Infamous Tech Industry Predictions and Quotations

By Graham Singer on December 12, 2013, 12:18 AM

The computing industry is fuelled by prediction and gossip. Before the patent became the carefully guarded weapon it is today, chip engineers from competing companies would often share an astounding amount of information on an informal basis -- not just with each other, but with the wider consumer audience as well.

Within an industry known as much for its predictive pronouncements and verbal sparring as its actual innovation, low bandwidth morality, and elastic attitude towards intellectual property rights, many have felt compelled to follow Intel co-founder Gordon Moore (of Moore's Law) in bringing their judgements and observations into the public eye… with varying degrees of success.

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User Comments: 30

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1 person liked this | RH00D RH00D said:

The Linux/OS Wars one was the funniest. Mostly funny because it'll never be true and a little more funny because some Linux fanatics actually think it will happen.

Not a Linux hater, but come on you got to be realistic.

Major Plonquer said:

When presented with an opportunity in 1986 to license Guide, the first commercially available hypertext browser, Gates threw the proposal across the table and asked "Who would ever want a browser"? Thanks to Gates' insight, Microsoft are still playing catch up.

2 people like this | Archean Archean, TechSpot Paladin, said:

Don't know when or why this was said, but even in a hindsight it bears lots of truth:

"Computers are like bikinis. They save people a lot of guesswork." Sam Ewing (whoever he is)

As usual Graham a very pleasant read

Guest said:

are graham singer and eli Wallace one and the same?

:p

nice article.

in business (and in life), never say never. imagine what would have happened if steve jobs did not return to apple? (or did not die and instead decides to be the new MS CEO.)

tipstir tipstir, TS Ambassador, said:

This how it was simple time, today they're grown so huge and forgot how they did care about their software products.

p51d007 said:

That one made me laugh...I've been in the photocopier business since 1981.

Now, that is all we see is the MFP (multifunction printer).

"Above all, what we'll never see fly is the scanner / printer / fax / copier combo"

- John C. Dvorak

[PC Magazine, November 27, 1990]

MilwaukeeMike said:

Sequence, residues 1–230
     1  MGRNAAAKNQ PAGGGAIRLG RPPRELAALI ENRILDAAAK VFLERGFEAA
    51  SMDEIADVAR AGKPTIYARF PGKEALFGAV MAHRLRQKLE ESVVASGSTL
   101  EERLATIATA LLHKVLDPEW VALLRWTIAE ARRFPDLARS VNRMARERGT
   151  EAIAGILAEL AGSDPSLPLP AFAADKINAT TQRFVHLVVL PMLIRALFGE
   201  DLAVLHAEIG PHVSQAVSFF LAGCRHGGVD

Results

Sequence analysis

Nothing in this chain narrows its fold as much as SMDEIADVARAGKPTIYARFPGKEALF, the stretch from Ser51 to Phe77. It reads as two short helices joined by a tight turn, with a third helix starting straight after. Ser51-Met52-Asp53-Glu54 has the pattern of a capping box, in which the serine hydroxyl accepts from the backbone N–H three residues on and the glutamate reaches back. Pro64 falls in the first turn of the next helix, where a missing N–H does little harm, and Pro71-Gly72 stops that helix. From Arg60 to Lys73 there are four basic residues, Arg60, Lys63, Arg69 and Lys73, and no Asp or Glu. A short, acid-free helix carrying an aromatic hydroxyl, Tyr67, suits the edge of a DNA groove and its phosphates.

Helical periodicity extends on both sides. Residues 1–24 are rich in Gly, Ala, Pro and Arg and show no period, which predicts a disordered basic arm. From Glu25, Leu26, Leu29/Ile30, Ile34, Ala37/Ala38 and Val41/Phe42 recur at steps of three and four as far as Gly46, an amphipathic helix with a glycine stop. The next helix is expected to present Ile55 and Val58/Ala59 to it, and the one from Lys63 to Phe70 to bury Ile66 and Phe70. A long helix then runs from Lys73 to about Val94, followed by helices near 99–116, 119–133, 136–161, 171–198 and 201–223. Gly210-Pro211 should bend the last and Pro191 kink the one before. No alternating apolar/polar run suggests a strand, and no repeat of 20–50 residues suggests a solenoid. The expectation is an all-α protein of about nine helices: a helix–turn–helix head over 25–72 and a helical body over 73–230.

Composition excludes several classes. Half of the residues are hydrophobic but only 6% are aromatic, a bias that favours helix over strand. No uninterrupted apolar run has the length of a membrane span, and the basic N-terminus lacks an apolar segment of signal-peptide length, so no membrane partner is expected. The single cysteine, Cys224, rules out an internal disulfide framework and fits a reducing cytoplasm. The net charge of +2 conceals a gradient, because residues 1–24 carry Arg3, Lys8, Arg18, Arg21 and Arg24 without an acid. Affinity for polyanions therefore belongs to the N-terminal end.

I'd like to see the other half of the predictions. The ones that were right and years ahead of their time.

1 person liked this | mojorisin23 mojorisin23 said:

Seems like John Dvorak has made the most asinine comments of the last two decades. I really hope he's still not employed by PC Mag.

Mugsy said:

Wondering why THIS comment is in the list:

"I don't know if anyone has tried to run Windows on a 286 machine, but frankly I'd rather have knitting needles in my eyes" - 1991

In '91, most people were using the 386, and Windows 3.1 was *already* slow & crash prone. The 286 was slower, didn't have an FPU, and the memory-protection sucked. The quote was very true even back in '91.

Guest said:

Fun read, especially for those of us around in the 80s or 90s.

"Above all, what we'll never see fly is the scanner / printer / fax / copier combo"

- John C. Dvorak

Having known John in the 90s, it would be easier to find predictions he made that actually came true. I know many people that made a living from investing in anything Dvorak claimed was crap.

I was always amazed how connected and somewhat well regarded he was in the technology world and yet how little he actually understood about technology.

Guest said:

The best prediction in the history of mankind is missing:

[video embed]

Guest said:

Those PowerPc predictions were true right? It really wasn't that successful.

dividebyzero dividebyzero, trainee n00b, said:

Those PowerPc predictions were true right? It really wasn't that successful.

Depends upon your definition. PowerPC is usually associated with Apple Corp., but is also found in IBM's RS/6000 series enterprise systems, gaming consoles, automobiles, aircraft, and of course, the Mars rover vehicle.

Wondering why THIS comment is in the list

Because the article concerns (in)famous quotes as well as predictions.

Blkfx1 Blkfx1 said:

Can TS hire Graham full time lol? I really do enjoy his articles.

tipstir tipstir, TS Ambassador, said:

Wondering why THIS comment is in the list:

"I don't know if anyone has tried to run Windows on a 286 machine, but frankly I'd rather have knitting needles in my eyes" - 1991